As a cancer survivor, major medical appointments cause a great deal of stress. It took my dog throwing up to make me snap out of it.
Sometimes we receive a wakeup call from the least expected sources.
First, let me start by saying that last week was brutal. I was unexpectedly scheduled for an intimidating medical appointment that of course had large implications and where I had little control— in other words, a situation that for many cancer fighters, starts to feel like just another Tuesday.
Since being diagnosed with a rare bone cancer in 2016, it’s been a steady flow of life in crisis mode. There was a year of aggressive chemo, multiple waves of recurrences, seven operations… and I was told that the prognosis for metastatic osteosarcoma is a less than 10% survival rate.
While I’ve since been blessed to have improved the state of my health, the trauma has taken a toll; even on good days, I tend to operate with a heightened state of anxiety. When triggering events like the appointment I had scheduled appear on the horizon, my PTSD breaks out in full force.
All week, I found myself leveled out on the couch with a heating pad to calm the nerves. I had no appetite and trouble sleeping. During phone calls with family and friends, I heard my voice — loud, panicked… but I was so caught in the loops of terror that I felt disassociated from reality.
My wife was equally as nervous, although she tends to put on a braver front for my benefit. We’ve been tested by these kinds of scary moments all too often, so it’s no longer quite as shocking as during the first few years, but still excruciating and depressing.
(On a brighter note, the one nice part is that this extreme state of fear tends to bring us closer together. We understand each other’s agony in a way that few others can relate to. Also, it’s the times when your sense of security in life feels questioned where you gain a clear perspective on what matters most. Right at the top of my list are the people in my life.)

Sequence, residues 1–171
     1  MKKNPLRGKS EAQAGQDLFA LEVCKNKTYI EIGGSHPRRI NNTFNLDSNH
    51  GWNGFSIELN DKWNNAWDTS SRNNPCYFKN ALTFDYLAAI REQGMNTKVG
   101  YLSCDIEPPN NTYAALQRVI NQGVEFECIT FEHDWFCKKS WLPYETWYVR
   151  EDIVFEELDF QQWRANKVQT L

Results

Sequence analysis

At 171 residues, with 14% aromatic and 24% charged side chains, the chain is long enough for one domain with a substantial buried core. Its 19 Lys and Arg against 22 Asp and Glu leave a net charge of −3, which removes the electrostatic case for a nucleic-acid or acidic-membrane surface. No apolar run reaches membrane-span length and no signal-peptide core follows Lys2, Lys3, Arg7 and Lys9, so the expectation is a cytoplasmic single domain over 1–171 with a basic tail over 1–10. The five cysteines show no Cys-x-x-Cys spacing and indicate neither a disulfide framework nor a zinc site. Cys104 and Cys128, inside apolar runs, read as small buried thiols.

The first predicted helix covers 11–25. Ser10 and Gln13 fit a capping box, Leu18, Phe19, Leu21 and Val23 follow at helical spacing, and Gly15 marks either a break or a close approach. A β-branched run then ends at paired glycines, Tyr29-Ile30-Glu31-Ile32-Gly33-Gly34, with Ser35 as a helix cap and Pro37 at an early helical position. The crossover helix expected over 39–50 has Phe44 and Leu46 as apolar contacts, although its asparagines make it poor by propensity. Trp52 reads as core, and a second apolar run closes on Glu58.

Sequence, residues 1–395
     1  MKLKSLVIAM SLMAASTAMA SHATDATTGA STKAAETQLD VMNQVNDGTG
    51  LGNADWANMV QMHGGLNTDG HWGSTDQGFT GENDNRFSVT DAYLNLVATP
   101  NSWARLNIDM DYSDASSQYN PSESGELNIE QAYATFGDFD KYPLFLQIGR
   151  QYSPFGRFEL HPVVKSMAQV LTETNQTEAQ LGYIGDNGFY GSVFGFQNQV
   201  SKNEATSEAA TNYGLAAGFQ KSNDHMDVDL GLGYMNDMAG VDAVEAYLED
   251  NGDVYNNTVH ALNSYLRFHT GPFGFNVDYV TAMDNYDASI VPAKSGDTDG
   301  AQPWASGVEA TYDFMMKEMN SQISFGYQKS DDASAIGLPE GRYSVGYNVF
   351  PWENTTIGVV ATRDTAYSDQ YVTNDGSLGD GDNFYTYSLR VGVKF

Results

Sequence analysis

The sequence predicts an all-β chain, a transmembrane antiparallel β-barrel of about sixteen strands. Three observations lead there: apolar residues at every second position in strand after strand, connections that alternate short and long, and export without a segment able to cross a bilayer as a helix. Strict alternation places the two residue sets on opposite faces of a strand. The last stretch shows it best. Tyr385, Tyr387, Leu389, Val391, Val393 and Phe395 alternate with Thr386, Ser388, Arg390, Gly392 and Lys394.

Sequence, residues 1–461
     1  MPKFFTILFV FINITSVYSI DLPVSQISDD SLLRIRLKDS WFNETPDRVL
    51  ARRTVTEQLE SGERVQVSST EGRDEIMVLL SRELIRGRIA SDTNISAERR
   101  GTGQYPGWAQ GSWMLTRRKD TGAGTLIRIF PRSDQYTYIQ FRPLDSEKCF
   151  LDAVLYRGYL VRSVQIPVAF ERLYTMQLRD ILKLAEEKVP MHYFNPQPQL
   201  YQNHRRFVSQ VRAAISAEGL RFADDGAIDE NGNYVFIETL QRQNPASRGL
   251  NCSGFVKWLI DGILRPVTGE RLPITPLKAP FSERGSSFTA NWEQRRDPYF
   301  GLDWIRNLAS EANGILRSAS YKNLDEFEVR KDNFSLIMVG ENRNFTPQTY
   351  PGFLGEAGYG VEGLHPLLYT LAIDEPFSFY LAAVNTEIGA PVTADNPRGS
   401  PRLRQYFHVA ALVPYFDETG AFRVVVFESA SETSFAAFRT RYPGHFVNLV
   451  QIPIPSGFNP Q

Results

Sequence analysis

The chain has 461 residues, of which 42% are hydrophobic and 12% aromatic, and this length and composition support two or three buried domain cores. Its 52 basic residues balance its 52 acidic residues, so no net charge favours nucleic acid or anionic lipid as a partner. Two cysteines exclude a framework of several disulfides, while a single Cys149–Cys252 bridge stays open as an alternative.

Towards the end of the week, my wife left for the office and that’s when it was brought to my attention just how bent out of shape I had gotten… Our dog threw up a few times in the morning. Then again later in the day. And again at night. She was still eating and moving around fine so it became clear that she had picked up on my smothering levels of anxiety. My frantic, chaotic energy was literally infecting the house!
It was a shocking realization. I immediately took a breath and slowed down, thinking to myself: “Dude, you NEED to chill out.”
Then I made some peppermint tea and meditated. For the rest of the day, I became laser focused on my aura, movements and speaking volume. This was no longer about my own sense of panic; I had to be better for my family.
The funny thing is the reframed awareness actually made a huge difference in my mood. Fueled by a larger purpose, I was able to get out of my own head, escape all the nagging fears and worries, and re-focus on taking care of those around me.
As a cancer fighter up against constant life-or-death scenarios, self-compassion and “feeling my feelings” is critical for my personal wellness. However, my dog’s anxious reaction (which improved the next day, FYI, she’s doing just fine), was a powerful reminder that it’s also important to remember there can be others, who are equally invested in our wellbeing, that pick up on our vibes.
And in last week’s case, using this as a source of strength to be a better, more selfless version of myself was entirely empowering.
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